Lately, we've been talking a lot about Olympic security -- but here in British Columbia, we're going to be hit with previously unknown 2010 Olympic security costs...and they're going to be put directly in the public's mailboxes.

This week, the RCMP and military have been conducting a pre-Olympic security exercise. We still don't know how much all this security will cost, but now, there's a new, hidden security cost that you've probably never thought of -- the gas and electricity lines.

Terasen gas says it will spend nearly $4 million to protect B.C.'s natural gas lines, including those that fuel the Olympic facilities."

This comes in the wake of recent bombings to Encana gas lines in Northeastern B.C. For terrorists, these are prime targets with the power to endanger lives and disrupt world events.

And it's not just gas lines needing protection. BC Hydro says it needs $7 million to ensure secure delivery of power during the Olympics.

So who will pay for security on the B.C. utilities?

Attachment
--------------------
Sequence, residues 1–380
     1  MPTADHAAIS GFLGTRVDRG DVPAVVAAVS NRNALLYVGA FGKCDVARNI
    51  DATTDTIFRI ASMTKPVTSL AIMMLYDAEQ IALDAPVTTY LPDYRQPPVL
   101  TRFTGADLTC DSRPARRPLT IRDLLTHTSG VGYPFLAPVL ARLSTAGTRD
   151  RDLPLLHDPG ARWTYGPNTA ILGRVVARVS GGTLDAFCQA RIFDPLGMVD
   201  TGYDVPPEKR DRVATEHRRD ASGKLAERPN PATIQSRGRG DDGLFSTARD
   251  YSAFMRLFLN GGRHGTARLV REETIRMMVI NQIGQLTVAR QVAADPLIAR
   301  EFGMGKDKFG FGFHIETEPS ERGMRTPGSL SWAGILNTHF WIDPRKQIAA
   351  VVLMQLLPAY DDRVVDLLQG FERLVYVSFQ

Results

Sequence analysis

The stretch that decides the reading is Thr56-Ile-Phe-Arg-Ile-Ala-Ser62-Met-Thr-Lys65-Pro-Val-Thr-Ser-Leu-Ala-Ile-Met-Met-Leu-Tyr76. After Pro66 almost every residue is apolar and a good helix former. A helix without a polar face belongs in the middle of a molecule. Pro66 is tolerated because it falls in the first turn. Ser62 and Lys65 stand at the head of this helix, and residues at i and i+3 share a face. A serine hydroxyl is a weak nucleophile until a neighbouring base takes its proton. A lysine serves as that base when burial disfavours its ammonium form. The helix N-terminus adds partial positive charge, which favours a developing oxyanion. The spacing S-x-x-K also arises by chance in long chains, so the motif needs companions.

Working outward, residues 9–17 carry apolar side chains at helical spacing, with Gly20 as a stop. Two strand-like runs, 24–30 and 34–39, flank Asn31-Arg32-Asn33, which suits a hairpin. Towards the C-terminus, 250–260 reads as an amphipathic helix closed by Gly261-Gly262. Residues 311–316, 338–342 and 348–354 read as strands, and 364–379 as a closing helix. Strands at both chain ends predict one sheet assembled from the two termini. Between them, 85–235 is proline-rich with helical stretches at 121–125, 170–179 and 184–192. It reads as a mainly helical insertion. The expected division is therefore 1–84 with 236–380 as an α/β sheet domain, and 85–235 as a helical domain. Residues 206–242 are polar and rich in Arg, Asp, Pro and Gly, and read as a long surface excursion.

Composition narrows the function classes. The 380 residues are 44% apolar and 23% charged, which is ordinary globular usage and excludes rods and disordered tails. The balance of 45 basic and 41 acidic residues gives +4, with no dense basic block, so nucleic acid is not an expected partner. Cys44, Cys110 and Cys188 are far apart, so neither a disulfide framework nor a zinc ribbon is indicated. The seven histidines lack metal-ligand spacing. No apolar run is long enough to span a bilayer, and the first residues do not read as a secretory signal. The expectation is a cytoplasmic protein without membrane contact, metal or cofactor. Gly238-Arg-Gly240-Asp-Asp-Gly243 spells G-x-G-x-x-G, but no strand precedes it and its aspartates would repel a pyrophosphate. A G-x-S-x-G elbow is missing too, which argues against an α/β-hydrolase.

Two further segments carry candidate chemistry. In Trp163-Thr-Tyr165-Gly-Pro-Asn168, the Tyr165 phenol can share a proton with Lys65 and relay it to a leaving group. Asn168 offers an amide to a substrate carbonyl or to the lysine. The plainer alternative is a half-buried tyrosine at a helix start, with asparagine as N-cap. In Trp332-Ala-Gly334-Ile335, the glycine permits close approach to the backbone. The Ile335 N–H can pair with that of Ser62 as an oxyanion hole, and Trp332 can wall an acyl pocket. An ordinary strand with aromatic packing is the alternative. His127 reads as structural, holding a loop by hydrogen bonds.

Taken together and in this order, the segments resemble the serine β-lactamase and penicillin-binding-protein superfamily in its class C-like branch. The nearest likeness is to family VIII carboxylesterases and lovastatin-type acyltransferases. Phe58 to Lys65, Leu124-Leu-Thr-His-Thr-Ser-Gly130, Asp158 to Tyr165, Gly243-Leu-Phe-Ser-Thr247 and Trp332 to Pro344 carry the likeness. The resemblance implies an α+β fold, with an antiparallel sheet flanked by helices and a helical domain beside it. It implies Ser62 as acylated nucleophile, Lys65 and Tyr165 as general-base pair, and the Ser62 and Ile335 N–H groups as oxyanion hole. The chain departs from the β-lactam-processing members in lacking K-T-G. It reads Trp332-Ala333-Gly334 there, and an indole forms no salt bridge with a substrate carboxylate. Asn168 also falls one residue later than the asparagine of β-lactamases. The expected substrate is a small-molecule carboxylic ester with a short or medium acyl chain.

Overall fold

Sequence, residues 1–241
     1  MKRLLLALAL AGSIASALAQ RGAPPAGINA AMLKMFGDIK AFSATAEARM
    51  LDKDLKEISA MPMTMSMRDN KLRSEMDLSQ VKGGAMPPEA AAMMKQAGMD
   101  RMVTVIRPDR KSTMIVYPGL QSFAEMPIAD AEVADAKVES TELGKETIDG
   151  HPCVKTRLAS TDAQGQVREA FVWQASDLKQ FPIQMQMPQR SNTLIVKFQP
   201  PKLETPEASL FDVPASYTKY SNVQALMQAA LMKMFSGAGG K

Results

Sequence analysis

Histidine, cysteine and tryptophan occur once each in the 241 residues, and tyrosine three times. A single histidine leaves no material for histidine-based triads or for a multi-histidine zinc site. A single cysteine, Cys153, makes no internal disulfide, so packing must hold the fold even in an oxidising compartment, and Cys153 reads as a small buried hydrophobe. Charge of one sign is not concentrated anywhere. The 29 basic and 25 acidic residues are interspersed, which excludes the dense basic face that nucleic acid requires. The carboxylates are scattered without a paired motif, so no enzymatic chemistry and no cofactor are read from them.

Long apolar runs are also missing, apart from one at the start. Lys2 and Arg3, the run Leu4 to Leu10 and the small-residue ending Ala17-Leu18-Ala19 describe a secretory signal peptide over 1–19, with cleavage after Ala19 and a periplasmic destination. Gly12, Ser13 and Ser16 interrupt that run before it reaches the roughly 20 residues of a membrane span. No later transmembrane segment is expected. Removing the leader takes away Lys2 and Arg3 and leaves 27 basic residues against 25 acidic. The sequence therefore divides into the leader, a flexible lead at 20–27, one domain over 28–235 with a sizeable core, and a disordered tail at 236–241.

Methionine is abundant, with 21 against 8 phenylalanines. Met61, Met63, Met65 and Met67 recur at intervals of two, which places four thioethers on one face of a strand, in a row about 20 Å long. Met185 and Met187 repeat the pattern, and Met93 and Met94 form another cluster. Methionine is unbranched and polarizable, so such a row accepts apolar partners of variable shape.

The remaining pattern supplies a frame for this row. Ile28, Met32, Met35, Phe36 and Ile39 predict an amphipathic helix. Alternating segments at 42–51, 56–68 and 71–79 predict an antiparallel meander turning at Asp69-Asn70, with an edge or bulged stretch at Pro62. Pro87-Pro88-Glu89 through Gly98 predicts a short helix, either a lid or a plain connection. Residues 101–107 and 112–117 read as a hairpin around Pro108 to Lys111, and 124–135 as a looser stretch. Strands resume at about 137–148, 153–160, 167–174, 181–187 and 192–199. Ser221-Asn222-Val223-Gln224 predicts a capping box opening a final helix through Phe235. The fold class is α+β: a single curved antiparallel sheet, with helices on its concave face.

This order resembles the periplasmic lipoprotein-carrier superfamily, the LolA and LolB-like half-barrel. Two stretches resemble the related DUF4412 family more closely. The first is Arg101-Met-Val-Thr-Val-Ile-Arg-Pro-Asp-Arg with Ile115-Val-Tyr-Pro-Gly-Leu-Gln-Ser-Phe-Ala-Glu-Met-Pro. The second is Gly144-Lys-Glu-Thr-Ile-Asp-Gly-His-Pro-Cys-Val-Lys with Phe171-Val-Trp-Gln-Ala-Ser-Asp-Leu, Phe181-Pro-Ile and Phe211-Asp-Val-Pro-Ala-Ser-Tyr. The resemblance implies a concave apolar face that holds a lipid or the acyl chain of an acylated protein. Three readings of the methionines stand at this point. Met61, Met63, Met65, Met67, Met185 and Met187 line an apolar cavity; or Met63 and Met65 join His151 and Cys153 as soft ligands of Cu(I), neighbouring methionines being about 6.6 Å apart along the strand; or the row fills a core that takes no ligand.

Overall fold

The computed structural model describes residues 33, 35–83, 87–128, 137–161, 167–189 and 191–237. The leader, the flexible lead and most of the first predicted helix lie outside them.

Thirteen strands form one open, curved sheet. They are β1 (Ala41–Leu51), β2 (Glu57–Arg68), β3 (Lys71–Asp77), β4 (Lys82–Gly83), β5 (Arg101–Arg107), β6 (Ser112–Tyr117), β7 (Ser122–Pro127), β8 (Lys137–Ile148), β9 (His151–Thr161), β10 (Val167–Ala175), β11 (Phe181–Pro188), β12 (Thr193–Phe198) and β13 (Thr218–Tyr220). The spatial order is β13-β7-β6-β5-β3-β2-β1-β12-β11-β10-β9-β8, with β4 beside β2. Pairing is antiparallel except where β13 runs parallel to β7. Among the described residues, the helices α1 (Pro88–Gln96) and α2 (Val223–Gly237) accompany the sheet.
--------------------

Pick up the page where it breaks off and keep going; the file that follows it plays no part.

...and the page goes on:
"That means taxpayers are on the hook for that. So that's another cost," said Carole James, leader of the NDP, addressing the legislature on Wednesday.

"How many in a long list of costs has this minister and this government not come clean on? Taxpayers are concerned," said her colleague, NDP energy critic John Horgan. "When [Finance Minister Colin Hansen] finally comes clean and tells us the honest cost of security, will it include costs to Terasen Tas, costs to BC Hydro, cost to TransLink? Will he be honest? What's the bill?"

This was the first time the Terasen issue was raised in the legislature, but the minister in charge of the Games was caught off guard.

"I think the question was will BC Gas customers pay more for the Olympic games, and I have no idea what he means by that question," said Hansen.

Regardless of the precise amounts, taxpayers -- and now utility rate payers -- are on the hook.

When the world goes back home, the bills will start rolling in. In 2011, Terasen has permission to put a surcharge on all gas bills for two years.

At BC Hydro, no decisions have been made yet, and as for how much this going to cost the average customer, those details haven't been worked out either.

With a report by CTV British Columbia's Jim Beatty.